IVR systems can also increase average handling time (AHT) and reduce first contact resolution (FCR), both of which can negatively impact the customer journey and increase contact center costs.
Pausing the call recording the moment a payment is taken is often a suggested way for contact centers to comply with the PCI DSS. However, both the agent and their desktop computer are still within scope for PCI DSS – the agent hears and inputs the information, which passes through the network infrastructure.
In addition, pause and resume solutions are prone to failure, especially if they are manually operated by an agent who may forget to pause the recording and accidentally log sensitive data. Manually operated pause and resume systems also require additional controls outlined in the new guidelines.
Many organizations believe that encrypting their call recordings will manage the risks of storing Sensitive Authentication Data (SAD). However, PCI DSS explicitly prohibits the storing of SAD (including CVC2 and CVV2 security codes which should not be stored under any circumstances, even if encrypted).
Removing customers’ payment card data, as well as other PII from the contact center altogether, is the only secure solution.
The updated guidelines recommend scope reduction techniques and technologies, including managed and unmanaged Dual-Tone Multi-Frequency (DTMF) masking solutions, to entirely remove cardholder data from the contact center environment.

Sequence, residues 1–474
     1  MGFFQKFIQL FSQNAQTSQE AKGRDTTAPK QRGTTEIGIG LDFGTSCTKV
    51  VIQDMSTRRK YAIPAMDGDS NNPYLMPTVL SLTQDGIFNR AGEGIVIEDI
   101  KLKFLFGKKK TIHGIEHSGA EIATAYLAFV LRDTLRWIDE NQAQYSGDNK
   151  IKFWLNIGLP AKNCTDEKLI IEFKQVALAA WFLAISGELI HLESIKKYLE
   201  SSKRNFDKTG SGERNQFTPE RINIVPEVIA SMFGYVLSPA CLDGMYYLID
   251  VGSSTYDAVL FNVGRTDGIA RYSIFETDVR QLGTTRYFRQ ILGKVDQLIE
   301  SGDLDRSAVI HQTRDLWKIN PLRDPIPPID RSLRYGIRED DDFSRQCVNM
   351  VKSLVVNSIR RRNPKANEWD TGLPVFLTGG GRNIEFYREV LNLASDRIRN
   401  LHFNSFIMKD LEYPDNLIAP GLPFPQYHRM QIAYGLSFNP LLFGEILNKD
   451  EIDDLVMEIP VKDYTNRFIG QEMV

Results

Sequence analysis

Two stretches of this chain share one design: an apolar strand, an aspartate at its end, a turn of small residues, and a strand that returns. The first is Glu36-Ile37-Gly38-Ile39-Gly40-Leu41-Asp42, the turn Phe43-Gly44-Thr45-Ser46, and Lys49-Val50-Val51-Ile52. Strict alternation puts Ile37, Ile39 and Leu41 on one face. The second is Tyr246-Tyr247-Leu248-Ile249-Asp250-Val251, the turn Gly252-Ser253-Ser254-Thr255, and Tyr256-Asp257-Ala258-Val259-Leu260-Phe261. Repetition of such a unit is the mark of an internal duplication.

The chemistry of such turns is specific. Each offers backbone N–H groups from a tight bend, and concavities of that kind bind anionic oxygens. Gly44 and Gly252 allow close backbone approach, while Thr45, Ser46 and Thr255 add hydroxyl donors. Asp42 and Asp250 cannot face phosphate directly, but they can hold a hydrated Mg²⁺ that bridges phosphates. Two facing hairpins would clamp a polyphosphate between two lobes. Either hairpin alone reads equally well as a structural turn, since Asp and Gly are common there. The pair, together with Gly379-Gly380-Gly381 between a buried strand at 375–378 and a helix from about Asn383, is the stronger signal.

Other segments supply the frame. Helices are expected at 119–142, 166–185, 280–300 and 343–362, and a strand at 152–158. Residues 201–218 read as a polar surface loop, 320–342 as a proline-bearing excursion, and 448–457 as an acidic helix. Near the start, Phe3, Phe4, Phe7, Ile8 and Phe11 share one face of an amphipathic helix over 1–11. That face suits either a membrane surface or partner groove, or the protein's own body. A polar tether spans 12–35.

Using DTMF masking technology, financial service agents can have customers enter their payment card information directly into their telephone keypad while remaining in full voice communication throughout the process.
The DTMF key tones are then masked with flat tones, rendering them indecipherable on the receiving end and on call recordings. This alleviates the need for solutions like pause-and-resume, or stop/start recording, providing a more seamless and secure way for financial institutions to process sensitive card data.
With DTMF masking technology, financial service providers can simplify PCI DSS compliance and avoid hefty noncompliance fines, all the while safeguarding data, maintaining customer trust, and reducing the risk of a reputation-damaging data breach.
As the number of digital transactions grows every day – digital payments are expected to hit 726 billion by 2020 – so does the amount of fraud. The risk to financial institutions of suffering a data breach has never been greater; the consequences can be far-reaching, resulting in monetary penalties and more often than not, irreparable damage to a brand’s reputation. In the decade between 2007 and 2017, banks around the world have paid about $321 billion in fines as regulators stepped up scrutiny. North American banks accounted for nearly 63% of the total fines, or about $204 billion, during 2009–2016.
While compliance with the PCI DSS does not ensure foolproof protection against a data breach, taking the steps outlined in the standard can greatly help to reduce the risk of one.